The passing of Shane MacGowan on Nov. 30 prompted me, like many, to revisit the vital recordings he made as the lead singer and primary songwriter for The Pogues, an exercise that I assumed would give me some fresh insight into his work. Instead, it reminded me that, in a strange sense, I never felt worthy of being a fan of The Pogues.
For starters, my family’s roots aren’t Irish. I come from a place in Ontario predominantly settled by Germans where, even into my teens, it was common to hear the language spoken on the street, and where German newspapers were stocked daily in the tobacco shop downtown. What I knew of Irish culture was derived from mass media stereotypes, although that began to change as I became aware of what was happening in Belfast during the early ‘80s, both from the shocking news reports, and from hearing U2’s “Sunday Bloody Sunday” regularly on the radio. Being Irish seemed very complicated, especially for those who identified as exiles, as most members of The Pogues did, MacGowan included.
But when The Pogues released their 1985 breakthrough album Rum, Sodomy & The Lash, things started to come into focus for me. Here was a group playing traditional Irish songs with traditional instruments, fronted by a singer who looked and sounded like the complete antithesis of what was occurring at that time in popular music. Almost everything then was clean, shiny, and ready-made for MTV. Former punks sported the latest fashions as New Romantics, while rockers who survived the ‘70s now embraced new healthy lifestyles (along with the latest technology) in order to win over young audiences. Even a group like Dexy’s Midnight Runners, whose “Come On Eileen” appeared to pay homage to traditional Irish music, came off as utterly contrived in their matching ragged overalls.
Nothing about The Pogues was contrived, leaving them true heirs to punk’s legacy, a notion reinforced through their rise coinciding with The Clash’s long, slow decline, ultimately resulting in Joe Strummer becoming The Pogues’ most ardent supporter, and later, an auxiliary member. Of course, those in the know were fully aware that Shane MacGowan was a player in the original punk scene—not as a musician, but as (literally) the poster-boy of British youth rebellion in 1977. But when he eventually connected the dots between punk’s underlying philosophy and the traditional Irish music that was part of his family’s DNA, it resulted in something no one had ever attempted before with such passion and fury.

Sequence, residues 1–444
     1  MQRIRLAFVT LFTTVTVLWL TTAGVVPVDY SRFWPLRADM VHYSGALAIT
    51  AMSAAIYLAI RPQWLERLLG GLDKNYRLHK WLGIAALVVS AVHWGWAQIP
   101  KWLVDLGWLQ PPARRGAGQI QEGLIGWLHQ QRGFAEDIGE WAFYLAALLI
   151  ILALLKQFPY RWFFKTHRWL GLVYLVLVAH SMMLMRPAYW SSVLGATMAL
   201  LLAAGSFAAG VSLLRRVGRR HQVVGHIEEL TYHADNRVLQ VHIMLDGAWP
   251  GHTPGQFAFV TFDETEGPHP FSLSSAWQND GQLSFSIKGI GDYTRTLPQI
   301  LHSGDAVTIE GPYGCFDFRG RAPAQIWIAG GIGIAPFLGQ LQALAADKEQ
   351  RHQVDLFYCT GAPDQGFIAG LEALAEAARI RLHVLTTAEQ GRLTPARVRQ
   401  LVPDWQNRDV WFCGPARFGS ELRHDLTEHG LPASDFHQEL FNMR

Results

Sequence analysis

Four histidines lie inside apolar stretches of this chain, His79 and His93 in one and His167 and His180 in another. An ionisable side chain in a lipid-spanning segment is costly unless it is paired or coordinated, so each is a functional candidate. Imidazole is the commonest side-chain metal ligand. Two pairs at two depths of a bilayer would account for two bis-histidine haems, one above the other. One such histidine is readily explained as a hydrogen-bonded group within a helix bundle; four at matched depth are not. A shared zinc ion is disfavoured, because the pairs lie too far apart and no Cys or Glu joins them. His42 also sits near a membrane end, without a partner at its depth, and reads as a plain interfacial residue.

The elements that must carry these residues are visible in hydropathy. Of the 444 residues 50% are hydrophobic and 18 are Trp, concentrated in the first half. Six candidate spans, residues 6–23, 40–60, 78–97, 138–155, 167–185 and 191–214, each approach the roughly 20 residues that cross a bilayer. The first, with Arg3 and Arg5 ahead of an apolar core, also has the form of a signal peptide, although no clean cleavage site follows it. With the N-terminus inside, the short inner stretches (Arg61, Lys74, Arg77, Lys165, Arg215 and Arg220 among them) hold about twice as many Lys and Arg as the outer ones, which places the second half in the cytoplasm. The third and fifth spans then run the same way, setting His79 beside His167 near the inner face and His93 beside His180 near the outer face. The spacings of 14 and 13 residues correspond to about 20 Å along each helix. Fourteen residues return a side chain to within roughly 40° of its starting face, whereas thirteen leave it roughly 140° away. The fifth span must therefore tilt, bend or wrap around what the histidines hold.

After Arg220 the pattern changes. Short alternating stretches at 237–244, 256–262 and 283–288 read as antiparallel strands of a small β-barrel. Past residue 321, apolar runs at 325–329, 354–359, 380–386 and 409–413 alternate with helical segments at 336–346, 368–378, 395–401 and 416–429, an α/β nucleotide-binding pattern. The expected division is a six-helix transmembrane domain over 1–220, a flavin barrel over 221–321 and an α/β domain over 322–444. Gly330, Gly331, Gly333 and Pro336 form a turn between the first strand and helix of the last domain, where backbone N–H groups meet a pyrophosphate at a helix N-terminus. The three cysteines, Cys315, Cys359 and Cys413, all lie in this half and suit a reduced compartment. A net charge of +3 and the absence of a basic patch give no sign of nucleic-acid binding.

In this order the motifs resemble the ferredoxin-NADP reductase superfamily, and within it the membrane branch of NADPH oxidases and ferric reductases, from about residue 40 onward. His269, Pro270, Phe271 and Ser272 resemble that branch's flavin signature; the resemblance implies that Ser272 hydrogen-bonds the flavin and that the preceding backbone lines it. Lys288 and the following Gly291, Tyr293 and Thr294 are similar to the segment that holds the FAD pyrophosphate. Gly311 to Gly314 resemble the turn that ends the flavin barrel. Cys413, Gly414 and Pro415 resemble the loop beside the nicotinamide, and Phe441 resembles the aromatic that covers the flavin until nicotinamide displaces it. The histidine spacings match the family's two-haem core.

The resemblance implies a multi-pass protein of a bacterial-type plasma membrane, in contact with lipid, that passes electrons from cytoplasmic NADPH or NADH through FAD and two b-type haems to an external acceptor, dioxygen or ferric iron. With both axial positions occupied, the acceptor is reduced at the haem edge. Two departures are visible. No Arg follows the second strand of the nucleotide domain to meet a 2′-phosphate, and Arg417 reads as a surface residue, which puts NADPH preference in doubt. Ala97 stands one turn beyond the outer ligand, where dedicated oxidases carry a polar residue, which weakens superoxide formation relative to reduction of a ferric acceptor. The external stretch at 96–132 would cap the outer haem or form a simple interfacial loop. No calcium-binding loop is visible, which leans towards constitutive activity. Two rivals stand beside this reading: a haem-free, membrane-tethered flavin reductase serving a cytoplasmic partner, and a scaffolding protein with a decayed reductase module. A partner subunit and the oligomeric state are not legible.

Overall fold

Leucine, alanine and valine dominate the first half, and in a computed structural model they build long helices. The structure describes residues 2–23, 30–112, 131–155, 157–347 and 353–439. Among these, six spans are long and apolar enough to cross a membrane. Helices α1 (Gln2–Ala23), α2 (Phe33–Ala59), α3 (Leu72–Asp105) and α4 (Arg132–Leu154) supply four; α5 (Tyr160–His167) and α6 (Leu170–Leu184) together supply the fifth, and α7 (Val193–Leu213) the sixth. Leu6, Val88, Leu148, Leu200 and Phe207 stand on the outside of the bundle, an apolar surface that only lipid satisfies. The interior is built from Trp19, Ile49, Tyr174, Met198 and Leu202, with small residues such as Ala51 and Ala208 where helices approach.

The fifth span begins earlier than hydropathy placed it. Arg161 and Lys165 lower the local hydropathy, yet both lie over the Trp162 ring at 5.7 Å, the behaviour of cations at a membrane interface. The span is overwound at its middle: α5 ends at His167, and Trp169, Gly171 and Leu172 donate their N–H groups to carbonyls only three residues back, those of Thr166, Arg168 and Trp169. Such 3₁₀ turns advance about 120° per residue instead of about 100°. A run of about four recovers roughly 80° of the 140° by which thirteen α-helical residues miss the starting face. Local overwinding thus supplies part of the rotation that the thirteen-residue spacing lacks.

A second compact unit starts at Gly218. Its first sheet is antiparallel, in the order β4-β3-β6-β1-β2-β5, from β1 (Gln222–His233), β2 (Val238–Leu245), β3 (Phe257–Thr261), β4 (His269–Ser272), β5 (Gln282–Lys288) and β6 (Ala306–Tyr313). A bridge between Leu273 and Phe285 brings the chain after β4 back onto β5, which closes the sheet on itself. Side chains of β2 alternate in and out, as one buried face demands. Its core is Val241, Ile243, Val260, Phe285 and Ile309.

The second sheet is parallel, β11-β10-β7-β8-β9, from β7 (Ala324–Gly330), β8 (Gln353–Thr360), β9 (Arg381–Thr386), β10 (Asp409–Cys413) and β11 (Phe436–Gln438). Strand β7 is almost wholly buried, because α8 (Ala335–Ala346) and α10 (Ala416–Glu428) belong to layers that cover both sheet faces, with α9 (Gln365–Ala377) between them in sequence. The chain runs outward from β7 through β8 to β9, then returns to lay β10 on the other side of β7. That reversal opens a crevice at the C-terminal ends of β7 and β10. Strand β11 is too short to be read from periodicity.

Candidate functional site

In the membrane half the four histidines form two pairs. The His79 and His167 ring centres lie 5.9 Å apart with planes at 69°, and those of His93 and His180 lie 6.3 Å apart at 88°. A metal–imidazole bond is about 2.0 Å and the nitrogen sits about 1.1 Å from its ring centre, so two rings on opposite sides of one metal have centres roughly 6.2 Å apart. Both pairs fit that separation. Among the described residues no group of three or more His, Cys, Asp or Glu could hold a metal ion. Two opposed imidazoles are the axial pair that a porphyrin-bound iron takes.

Of course, MacGowan’s excesses were impossible to ignore, and for impressionable fans who were often still too young to legally drink, he became something like a new Jim Morrison, shining a questionable path toward the Palace of Wisdom. From a more cogent perspective, MacGowan was also a voice for the working class, with the evidence all over Rum, Sodomy & The Lash, from MacGowan’s “Sally MacLennane,” inspired by a bar owned by his uncle that primarily served auto workers, to the unvarnished cover of Ewan MacColl’s “Dirty Old Town.” But what made MacGowan so compelling was a romanticism forged in songs like “A Pair Of Brown Eyes” and “The Old Main Drag,” which caught the ear of academics who heard echoes of Joyce, Behan and Yeats. There was no doubt from this point on that he possessed some kind of genius.
The Pogues thus became a lot of different things to different people; some embraced their own Irish heritage for the first time through the music, while others went to see the band simply to experience a bacchanal. I didn’t fit neatly into either category, mainly because a few of the hard core Pogues fans I knew could take their love of the band to aggressive extremes. Looking back, it’s funny that I could see the Ramones at that time and feel a sense of joy being in the mosh pit, and by contrast never get over an inherent sense of danger, whether warranted or not, when seeing The Pogues.
MacGowan was somehow always in the eye of the hurricane, with his ever-present drink and cigarette. This was an entirely different level of cool—someone completely unafraid to leave his heart bleeding on the stage, while simultaneously feeding off the chaos that, on a good night, fuelled the entire band’s performance. It all came together on The Pogues’ 1988 album If I Should Fall From Grace With God, with its calling card being the instant seasonal classic “Fairytale Of New York.” The song’s utter vulnerability, heightened by the crucial decision to have it sung as a duet between MacGowan and the angelic Kirsty MacColl, is its lasting power, as well as its necessary role in providing an impenetrable levee against the unceasing tide of schmaltz we must endure each Christmas. Shane’s death only means there will be more tears shed whenever it’s played this year.
I’ll be one of those likely getting choked up, but it won’t be the same as how I felt when Gord Downie died. Having gone through that experience, though, I finally have a better grasp of what Shane MacGowan means to Ireland and its diaspora. The power of music gives us all the opportunity to forge a connection with an artist who expresses so many deeply profound truths about humanity that it can set you on a quest to find out how such a level of empathy is even possible. The simple answer, in the end, is an undying faith in how love can indeed conquer all. For me, that will be Shane MacGowan’s legacy.